Promoting Professionalism - Medical/Dental Office Protocol
|Today in the competitive medical arenas, proper medical office protocol is expected by patients and fellow professionals. The first contact with your office can set the tone of the professionalism of your office. The best office personnel are educated in the social skills that make a professional impression of you and your practice. Promoting Professionalism will teach your staff to represent you and your office in a highly personal, yet professional manner. |
Impressions are powerful in any meeting or professional treatment. They are intuitive behavior, read by the conscious and subconscious mind and can be made over the telephone as well as in person. It is difficult for any physician/dentist to overcome a poor first impression made by his/her staff or surroundings. As a result, physicians and dentists may be losing patients and patient referrals everyday.
Studies indicate that the patient's perception of the office staff and environment is an extension of the physician/dentist and that a choice to change their professional care was often not attributed to the healthcare they received. For most healthcare professionals, soft skills are one of the most underestimated, yet most important areas to improve upon in their offices. Why leave yourself open to the problem?
Charleston School of Protocol and Etiquette has developed "Promoting Professionalism", which is a program designed to teach the skill of the "Total Excellent Patient Experience" and professional courtesy. The successful implementation of this program will improve the way you conduct business and affect your overall surroundings.
"The concept of customer care is part of the future in the medical profession. The phrase "customer care" was chosen to focus on the fact that patients are paying customers that have a choice. In this day and age, there is more competition than ever. Many physicians are using advertising such as radio, television and print ads to broadened public awareness. As a result, the medical profession "Is not what it used to be." This increase in competition, along with more of the pie being shared by insurance companies, coupled with the need for more staff to do the added paperwork, all contribute to a decrease in the bottom line. In an effort to help maintain and grow a practice many healthcare providers are looking harder at the professionalism of the staff and the total patient experience".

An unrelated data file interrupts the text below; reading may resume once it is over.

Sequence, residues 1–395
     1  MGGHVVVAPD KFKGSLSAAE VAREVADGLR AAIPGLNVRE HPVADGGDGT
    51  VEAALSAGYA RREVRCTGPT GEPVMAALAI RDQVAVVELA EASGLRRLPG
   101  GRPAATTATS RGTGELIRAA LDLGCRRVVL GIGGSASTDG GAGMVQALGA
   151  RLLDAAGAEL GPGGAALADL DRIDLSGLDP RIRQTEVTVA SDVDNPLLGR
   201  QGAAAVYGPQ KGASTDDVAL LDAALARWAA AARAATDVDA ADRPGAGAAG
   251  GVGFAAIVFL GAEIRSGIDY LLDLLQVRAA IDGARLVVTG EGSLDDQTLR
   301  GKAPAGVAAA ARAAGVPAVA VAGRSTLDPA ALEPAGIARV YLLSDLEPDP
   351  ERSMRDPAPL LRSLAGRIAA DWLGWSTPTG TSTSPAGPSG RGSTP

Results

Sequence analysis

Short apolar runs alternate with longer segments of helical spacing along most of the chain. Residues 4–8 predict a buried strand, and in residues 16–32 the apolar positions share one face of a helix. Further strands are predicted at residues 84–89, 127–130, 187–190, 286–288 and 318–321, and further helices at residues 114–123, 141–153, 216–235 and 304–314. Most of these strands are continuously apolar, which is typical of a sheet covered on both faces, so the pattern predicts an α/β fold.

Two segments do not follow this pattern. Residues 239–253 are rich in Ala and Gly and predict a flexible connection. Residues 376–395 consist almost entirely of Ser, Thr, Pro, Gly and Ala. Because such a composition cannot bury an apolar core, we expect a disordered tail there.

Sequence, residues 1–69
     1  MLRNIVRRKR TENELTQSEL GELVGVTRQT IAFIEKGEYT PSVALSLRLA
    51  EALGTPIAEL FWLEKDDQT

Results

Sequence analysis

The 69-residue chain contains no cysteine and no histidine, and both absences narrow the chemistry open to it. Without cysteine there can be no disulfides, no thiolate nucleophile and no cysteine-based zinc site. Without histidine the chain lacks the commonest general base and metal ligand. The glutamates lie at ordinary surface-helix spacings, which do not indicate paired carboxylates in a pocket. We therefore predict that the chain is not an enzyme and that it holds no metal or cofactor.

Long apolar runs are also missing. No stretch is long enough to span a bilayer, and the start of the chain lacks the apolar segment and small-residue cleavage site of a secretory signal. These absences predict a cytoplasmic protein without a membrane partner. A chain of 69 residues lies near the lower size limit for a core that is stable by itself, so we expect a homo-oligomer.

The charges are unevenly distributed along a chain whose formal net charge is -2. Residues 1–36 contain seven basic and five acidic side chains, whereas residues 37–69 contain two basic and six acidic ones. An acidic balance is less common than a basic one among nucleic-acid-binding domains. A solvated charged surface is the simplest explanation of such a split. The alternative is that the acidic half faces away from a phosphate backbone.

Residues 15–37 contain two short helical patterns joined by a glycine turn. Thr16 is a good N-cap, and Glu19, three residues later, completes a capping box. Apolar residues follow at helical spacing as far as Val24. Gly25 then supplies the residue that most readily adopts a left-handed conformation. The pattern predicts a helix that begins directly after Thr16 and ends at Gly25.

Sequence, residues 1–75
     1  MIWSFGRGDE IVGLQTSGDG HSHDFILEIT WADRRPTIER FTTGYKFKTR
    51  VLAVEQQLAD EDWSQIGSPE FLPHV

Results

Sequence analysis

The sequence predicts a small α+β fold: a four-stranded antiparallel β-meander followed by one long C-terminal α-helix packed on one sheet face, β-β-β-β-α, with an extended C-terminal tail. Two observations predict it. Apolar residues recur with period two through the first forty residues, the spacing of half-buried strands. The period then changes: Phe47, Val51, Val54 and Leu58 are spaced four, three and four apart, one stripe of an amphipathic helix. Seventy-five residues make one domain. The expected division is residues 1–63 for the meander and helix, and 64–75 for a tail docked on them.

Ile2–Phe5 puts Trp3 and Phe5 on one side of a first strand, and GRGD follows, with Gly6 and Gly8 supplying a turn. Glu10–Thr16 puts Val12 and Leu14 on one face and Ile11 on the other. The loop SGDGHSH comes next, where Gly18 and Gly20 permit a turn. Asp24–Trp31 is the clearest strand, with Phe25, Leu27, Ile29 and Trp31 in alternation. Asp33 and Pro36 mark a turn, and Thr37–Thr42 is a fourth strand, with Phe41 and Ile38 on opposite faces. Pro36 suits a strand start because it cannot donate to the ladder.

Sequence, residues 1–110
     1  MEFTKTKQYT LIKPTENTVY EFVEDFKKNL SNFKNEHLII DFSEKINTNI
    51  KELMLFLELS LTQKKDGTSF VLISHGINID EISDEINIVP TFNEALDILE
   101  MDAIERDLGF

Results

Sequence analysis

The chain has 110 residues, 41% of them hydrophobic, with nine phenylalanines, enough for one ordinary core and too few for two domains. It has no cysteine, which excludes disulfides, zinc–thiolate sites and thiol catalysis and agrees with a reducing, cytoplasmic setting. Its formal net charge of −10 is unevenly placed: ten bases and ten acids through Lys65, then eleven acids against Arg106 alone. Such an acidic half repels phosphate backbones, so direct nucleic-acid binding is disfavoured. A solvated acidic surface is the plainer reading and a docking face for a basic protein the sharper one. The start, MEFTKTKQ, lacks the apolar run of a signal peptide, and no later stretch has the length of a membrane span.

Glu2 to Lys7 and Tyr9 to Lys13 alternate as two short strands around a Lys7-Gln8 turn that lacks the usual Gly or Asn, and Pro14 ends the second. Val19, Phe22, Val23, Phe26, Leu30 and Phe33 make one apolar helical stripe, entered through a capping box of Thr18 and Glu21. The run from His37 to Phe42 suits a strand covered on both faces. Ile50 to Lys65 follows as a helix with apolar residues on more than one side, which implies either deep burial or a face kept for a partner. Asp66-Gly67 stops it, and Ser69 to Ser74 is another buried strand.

To read the rest of the article written by Ms. Grosso:
Success is measured by the whole office encounter which includes treatment and the total patient experience. A smooth running office requires people skills which allow you to be immediately liked, trusted and respected. In today's competitive medical arenas, proper medical and dental office protocol is expected by patients. Each contact with your office can set the tone of the professionalism.
Promoting Professional - Medical/Dental Office Protocol is divided into sections:
- Personal Branding and Positive Perceptions
- The Professional Team
- Patient Care - The Total Office Experience - Part One
- Patient Care - The Total Office Experience - Part Two
- The Other Front Door/Scheduling
- Program Application
Plus, an optional online follow-up program.
Ms. Grosso teaches from a value based perspective of "what is in it for me". Understanding the "why" is often more important then understanding the "how". In her programs, both are emphasized.
In the "Promoting Professionalism - Medical/Dental Office Protocol" the office personnel will learn the social skills that make a professional impression of you and your practice. It will also improve relationships with patients and help build a professional team.
YOUR OFFICE WILL LEARN:
YOUR OFFICE WILL BECOME AWARE OF:
... and Much More!
... and Much More!
|*Note - This seminar has been approved by the South Carolina Board of Dentistry for 5 hours of continuing education credit. |
For options on how to book this program, Please click here or call (843) 207-1025 in the Continental USA.
How youconduct yourself, the professionalism of your staff and your ability to treat patients with style, grace and respect is part of the new measure of success.